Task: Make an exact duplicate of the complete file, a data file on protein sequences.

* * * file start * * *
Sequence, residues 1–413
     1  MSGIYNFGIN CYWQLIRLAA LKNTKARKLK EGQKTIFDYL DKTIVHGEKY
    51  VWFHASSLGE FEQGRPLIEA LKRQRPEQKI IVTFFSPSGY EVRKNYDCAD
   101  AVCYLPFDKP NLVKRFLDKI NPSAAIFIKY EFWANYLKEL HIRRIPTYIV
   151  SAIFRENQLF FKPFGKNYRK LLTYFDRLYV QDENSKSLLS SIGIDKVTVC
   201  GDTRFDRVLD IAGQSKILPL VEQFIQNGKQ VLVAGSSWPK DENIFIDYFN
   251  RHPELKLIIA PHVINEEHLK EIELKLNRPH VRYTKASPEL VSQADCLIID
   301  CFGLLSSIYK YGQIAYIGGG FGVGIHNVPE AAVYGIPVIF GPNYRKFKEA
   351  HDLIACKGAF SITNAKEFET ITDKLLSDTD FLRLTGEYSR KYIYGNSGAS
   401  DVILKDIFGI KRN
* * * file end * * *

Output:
Sequence, residues 1–413
     1  MSGIYNFGIN CYWQLIRLAA LKNTKARKLK EGQKTIFDYL DKTIVHGEKY
    51  VWFHASSLGE FEQGRPLIEA LKRQRPEQKI IVTFFSPSGY EVRKNYDCAD
   101  AVCYLPFDKP NLVKRFLDKI NPSAAIFIKY EFWANYLKEL HIRRIPTYIV
   151  SAIFRENQLF FKPFGKNYRK LLTYFDRLYV QDENSKSLLS SIGIDKVTVC
   201  GDTRFDRVLD IAGQSKILPL VEQFIQNGKQ VLVAGSSWPK DENIFIDYFN
   251  RHPELKLIIA PHVINEEHLK EIELKLNRPH VRYTKASPEL VSQADCLIID
   301  CFGLLSSIYK YGQIAYIGGG FGVGIHNVPE AAVYGIPVIF GPNYRKFKEA
   351  HDLIACKGAF SITNAKEFET ITDKLLSDTD FLRLTGEYSR KYIYGNSGAS
   401  DVILKDIFGI KRN